11 And the people of Israel did what was evil in the sight of the Lord and served the Baals. (Judges 2:7–11 ESV)

“And there arose another generation after them who did not know the Lord or the work that he had done for Israel.”

So it is that we do not know. I am reminded of another place in scripture where someone does know, where things that were done become mere stories we may or may not tell, and because of that, where the reality we face suddenly becomes mysterious and undecipherable, something we are no longer capable of understanding:

8 Now there arose a new king over Egypt, who did not know Joseph. 9 And he said to his people, “Behold, the people of Israel are too many and too mighty for us.” (Exodus 1:8–9 ESV)

We forget so easily what God has done for us. A new Pharaoh forgets what Israel did, what Joseph did, to save Egypt, and sees not allies and friends but a threat so large it must be dealt with. Israel has forgotten its redemption from Egypt, God’s provision of manna and water in the wilderness, the guidance of the pillar of cloud and fire. Israel has forgotten that the walls of Jericho fell without effort, how the sun stood still over Gibeon and how the birds came and dropped stones on the army of Adoni-Zedek, and how God gave Canaan into the hands of Israel.

Israel has forgotten. Because it has all faded into memory. It has all become stories.

We forget. We come to not know. We live in the midst of circumstances we have inherited and we do not entirely understand how. We do not remember the gifts our ancestors and forebears received from God, the gifts that got us here.

And so we abandon God.

We do not know the work because it is undone in our midst. Maybe we tell stories, but likely, we do not really believe them. God didn’t actually do any of that, we say.

We forget. We become those who did know. We worship what we find around us — the idols of the people we are conquering, who land and places we are inheriting.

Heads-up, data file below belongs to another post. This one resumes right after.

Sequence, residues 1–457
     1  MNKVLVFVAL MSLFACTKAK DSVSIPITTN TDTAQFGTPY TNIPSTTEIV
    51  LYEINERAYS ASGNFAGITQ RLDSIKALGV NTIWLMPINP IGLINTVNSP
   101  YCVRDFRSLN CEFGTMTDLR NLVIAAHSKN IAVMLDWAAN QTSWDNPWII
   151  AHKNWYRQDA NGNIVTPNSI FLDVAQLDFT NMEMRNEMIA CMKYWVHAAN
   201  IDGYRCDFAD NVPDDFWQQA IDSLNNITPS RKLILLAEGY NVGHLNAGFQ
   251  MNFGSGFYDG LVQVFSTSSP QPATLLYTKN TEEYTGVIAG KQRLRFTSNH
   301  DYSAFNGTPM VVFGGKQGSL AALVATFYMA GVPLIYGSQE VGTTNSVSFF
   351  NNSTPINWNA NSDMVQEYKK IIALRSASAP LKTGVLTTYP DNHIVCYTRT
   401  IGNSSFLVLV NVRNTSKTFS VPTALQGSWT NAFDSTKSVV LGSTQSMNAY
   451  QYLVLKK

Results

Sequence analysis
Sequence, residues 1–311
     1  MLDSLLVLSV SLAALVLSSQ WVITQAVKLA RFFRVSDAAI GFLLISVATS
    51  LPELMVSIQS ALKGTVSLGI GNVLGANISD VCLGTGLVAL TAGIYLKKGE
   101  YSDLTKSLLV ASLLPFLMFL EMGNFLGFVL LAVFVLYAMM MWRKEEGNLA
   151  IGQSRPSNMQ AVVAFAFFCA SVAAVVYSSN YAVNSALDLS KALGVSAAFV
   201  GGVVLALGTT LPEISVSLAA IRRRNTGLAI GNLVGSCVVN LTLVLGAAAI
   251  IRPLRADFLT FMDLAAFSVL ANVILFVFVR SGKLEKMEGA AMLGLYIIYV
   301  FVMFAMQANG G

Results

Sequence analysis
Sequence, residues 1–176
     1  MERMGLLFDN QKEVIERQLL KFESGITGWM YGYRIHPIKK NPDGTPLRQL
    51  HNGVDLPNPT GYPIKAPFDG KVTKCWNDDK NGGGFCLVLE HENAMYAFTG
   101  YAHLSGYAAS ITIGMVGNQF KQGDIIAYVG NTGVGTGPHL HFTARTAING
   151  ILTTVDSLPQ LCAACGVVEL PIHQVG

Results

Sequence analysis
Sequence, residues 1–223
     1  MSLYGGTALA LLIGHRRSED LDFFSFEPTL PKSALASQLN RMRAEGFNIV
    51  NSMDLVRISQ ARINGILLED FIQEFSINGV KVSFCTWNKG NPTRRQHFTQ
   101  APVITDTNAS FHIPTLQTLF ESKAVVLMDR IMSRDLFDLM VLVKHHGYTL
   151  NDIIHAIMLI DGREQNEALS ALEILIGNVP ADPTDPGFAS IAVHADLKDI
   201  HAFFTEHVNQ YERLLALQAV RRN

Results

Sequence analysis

It is easy, this forgetting. Israel forgets even when the acts of God are fresh in its memory and experience — why else worship a golden calf a Sinai when only recently our God drowned the oppressor’s army in sea? It’s a lot to expect that we will remember a generation or two removed from the saving.

We forget. Even when we tell stories. We forget and we abandon God. That’s just our nature.

But there is good news. As we shall see, this forgetting gives God a chance to intervene in our lives, again and again, to redeem us. So that we can become people who know the Lord, and the works he does for us.

JUDGES Life Amidst Thorns and Snares

A reading from Judges, the first and second chapters.

27 Manasseh did not drive out the inhabitants of Beth-shean and its villages, or Taanach and its villages, or the inhabitants of Dor and its villages, or the inhabitants of Ibleam and its villages, or the inhabitants of Megiddo and its villages, for the Canaanites persisted in dwelling in that land. 28 When Israel grew strong, they put the Canaanites to forced labor, but did not drive them out completely.

1 Now the angel of the Lord went up from Gilgal to Bochim. And he said, “I brought you up from Egypt and brought you into the land that I swore to give to your fathers. I said, I will never break my covenant with you, 2 and you shall make no covenant with the inhabitants of this land; you shall break down their altars.’ But you have not obeyed my voice. What is this you have done? 3 So now I say, I will not drive them out before you, but they shall become thorns in your sides, and their gods shall be a snare to you.” 4 As soon as the angel of the Lord spoke these words to all the people of Israel, the people lifted up their voices and wept. 5 And they called the name of that place Bochim. And they sacrificed there to the Lord. (Judges 1:27–28, 2:1–5 ESV)

Israel put its faith in its own strength. In its own means. As it faced its enemies, the Israelites no longer believed in the command of God — “I will drive them out before you” — and instead looked its arms and its numbers and its power and said, “we can control you, and we can oppress you, and we can deal with you.”

“We can deal with your gods.”